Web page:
LGBTQ+ people are estimated to be 20% less represented in STEM fields than statistically expected, and are less likely than non-LGBTQ+ people to stay in STEM majors and earn STEM degrees. Harmful biases and unsupportive STEM environments appear to be partly at fault, with LGBTQ+ people in STEM experiencing more career barriers and workplace harassment than their non-LGBTQ+ counterparts. Despite these disparities, LGBTQ+ people have been left behind in STEM diversity efforts. A major factor is the widespread lack of sexual orientation and gender identity (SOGI) demographic data.
While efforts to move the U.S. government toward SOGI data collection in its national surveys of the scientific workforce are making headway, that’s only just the beginning. Universities wonder now whether and how they could make a transition to SOGI data collection, but they often do not know where to begin. Peter Drucker’s famous maxim, “if you can’t measure it, you can’t improve it”, underscores U.S. universities’ increasing need to collect SOGI data to ensure LGBTQ+ equity, remedy educational and workplace challenges, and attract and retain LGBTQ+ talent. SOGI data collection at universities would enable an understanding of the educational and career trajectories of LGBTQ+ individuals in higher education more generally as well.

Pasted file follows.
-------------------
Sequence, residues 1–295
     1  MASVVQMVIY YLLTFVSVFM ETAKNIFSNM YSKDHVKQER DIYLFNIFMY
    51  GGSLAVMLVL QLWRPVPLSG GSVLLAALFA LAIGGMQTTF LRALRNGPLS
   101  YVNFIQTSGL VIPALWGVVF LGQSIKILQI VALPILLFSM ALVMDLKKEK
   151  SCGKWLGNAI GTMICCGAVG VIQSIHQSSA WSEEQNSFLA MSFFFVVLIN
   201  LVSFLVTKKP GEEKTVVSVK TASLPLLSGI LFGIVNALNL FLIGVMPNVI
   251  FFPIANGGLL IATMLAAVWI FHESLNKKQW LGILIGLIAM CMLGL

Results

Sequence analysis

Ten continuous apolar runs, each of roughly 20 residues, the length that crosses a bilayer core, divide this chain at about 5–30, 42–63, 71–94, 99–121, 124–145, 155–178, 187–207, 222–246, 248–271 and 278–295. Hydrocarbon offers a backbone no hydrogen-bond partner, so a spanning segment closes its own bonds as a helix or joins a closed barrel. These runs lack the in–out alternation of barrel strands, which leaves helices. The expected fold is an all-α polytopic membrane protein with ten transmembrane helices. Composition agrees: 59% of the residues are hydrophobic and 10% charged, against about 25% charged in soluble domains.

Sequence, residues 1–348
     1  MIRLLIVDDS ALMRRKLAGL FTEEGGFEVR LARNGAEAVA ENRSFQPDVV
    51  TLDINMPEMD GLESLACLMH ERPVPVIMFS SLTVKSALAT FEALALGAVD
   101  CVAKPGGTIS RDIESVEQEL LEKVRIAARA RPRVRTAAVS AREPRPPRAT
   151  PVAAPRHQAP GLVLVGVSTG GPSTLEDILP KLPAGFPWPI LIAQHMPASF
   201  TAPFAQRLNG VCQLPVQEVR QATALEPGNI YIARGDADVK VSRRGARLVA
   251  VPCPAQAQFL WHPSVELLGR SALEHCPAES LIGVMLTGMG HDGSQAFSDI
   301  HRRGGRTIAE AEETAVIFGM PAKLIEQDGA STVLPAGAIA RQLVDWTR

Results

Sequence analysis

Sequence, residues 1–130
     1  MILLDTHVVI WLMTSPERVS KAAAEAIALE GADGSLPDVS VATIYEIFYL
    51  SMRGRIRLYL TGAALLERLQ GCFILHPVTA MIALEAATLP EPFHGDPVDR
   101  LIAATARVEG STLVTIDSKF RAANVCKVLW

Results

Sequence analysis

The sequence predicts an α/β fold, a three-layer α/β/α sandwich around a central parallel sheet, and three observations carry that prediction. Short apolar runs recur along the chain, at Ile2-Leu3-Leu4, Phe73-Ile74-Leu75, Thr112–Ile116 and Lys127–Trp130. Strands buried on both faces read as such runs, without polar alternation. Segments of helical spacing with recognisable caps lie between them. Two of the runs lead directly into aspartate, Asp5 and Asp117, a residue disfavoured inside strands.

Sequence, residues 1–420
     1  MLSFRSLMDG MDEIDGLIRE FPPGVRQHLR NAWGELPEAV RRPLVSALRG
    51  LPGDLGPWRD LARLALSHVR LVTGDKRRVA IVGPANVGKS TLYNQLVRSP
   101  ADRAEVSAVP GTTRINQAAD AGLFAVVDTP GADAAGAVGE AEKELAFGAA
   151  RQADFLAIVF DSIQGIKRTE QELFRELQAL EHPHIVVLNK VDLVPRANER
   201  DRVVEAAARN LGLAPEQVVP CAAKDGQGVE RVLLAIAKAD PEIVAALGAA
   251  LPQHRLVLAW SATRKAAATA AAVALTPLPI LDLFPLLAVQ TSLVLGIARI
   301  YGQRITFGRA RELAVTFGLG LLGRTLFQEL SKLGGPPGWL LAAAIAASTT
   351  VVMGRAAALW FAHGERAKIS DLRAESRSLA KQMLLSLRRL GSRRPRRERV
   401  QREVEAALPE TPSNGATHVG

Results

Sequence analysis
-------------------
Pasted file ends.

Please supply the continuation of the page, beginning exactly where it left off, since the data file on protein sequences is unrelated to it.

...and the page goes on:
This panel will focus on the role that universities play in building inclusive excellence, cultivating community and belonging for LGBTQ+ people in STEM and higher education, and resolving the increasingly documented challenges and disparities LGBTQ+ people are facing in STEM. The panel will feature a conversation about how LGBTQ+ challenges in STEM could be remedied by harnessing SOGI data collection and how U.S. universities could move toward SOGI data collection to achieve inclusive excellence and resolve disparities.
Please click here for speaker information and to register for this event; https://events.columbia.edu/go/lgbtqinstem